Community leaders and police are calling for calm after disorder in parts of East Leicester. According to reports on social media, the spark was a protest march on Saturday afternoon. Footage online showed police, some with dogs, attempting to hold back two sets of crowds as objects including glass bottles are hurled. Some people were carrying sticks and batons, said Sky News. It is the latest in a series of disturbances to have broken out following an India and Pakistan cricket match on 28 August.

6. Evacuations as typhoon nears Japan

Nearly two million people have been urged to evacuate their homes in Japan as Typhoon Nanmadol is expected to make landfall on Kyushu island. A “special alert” is in force and train services and flights have been cancelled after warnings that winds could reach 250km/h (155mph) and some areas could experience 500mm (20 inches) of rainfall in just 24 hours. “Maximum caution is required,” said Ryuta Kurora, the head of the Japan Meteorological Agency’s forecast unit. “It’s a very dangerous typhoon.”

7. Truss adviser quizzed by FBI

Liz Truss’s top adviser has been interviewed by the FBI about an alleged criminal plot to bribe an American politician and influence a US election. Downing Street chief of staff, Mark Fullbrook, was involved in an alleged conspiracy to subvert the democracy of Puerto Rico, the US-administered Caribbean island. According to prosecutors, those responsible “struck a blow to the heart of our democracy” and “eroded the confidence of our citizens in their institutions of governance”. A spokesman for Fullbrook said he was “committed to and complies with all laws and regulations in any jurisdiction”.

8. Beijing ‘shares Russian weakness’

A report from the US National Defense University has found that China’s military leaders share a potential weakness that has hampered Moscow’s efforts in Ukraine and could undermine Beijing’s ability to wage a similar war. The report found that top officers across China’s five services - army, navy, air force, rocket force and strategic support force - were unlikely to have operational experience in any branch other than the one they began their careers in. It said this “rigidity... could reduce China’s effectiveness in future conflicts”.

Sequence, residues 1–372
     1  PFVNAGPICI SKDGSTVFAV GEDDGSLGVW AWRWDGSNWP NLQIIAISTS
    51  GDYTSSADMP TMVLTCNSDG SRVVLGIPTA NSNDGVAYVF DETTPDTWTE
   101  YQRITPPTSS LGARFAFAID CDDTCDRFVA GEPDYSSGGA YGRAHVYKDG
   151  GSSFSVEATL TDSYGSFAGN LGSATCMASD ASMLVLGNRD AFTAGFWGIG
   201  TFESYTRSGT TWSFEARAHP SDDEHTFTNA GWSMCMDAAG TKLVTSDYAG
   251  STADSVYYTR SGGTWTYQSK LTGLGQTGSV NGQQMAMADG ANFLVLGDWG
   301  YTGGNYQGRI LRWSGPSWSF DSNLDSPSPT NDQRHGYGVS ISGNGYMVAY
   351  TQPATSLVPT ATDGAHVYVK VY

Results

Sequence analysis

9. UN ‘concerned’ by Haiti unrest

There have been calls for calm in Haiti after days of violent anti-government protests. Angry protesters are demanding the resignation of Prime Minister Ariel Henry, after an end to government fuel subsidies caused petrol and diesel prices to soar. Inflation has risen to its highest level in ten years, 40% of the country is relying on food assistance to survive, and gang violence has brought chaos and bloodshed. UN Secretary General António Guterres said he is “deeply concerned” about the unrest.

10. Israeli strike kills five

An Israeli airstrike near Damascus airport killed five Syrian soldiers, according to reports. “The aggression led to the death of five soldiers and some material damage,” a military source told Syria’s official news agency, Sana. Since civil war erupted in Syria in 2011, Israel has carried out hundreds of strikes against its northern neighbour, saying its air campaign is essential to stop arch-rival Iran gaining a stranglehold on its doorstep.

Continue reading for free

We hope you're enjoying The Week's refreshingly open-minded journalism.

Subscribed to The Week? Register your account with the same email as your subscription.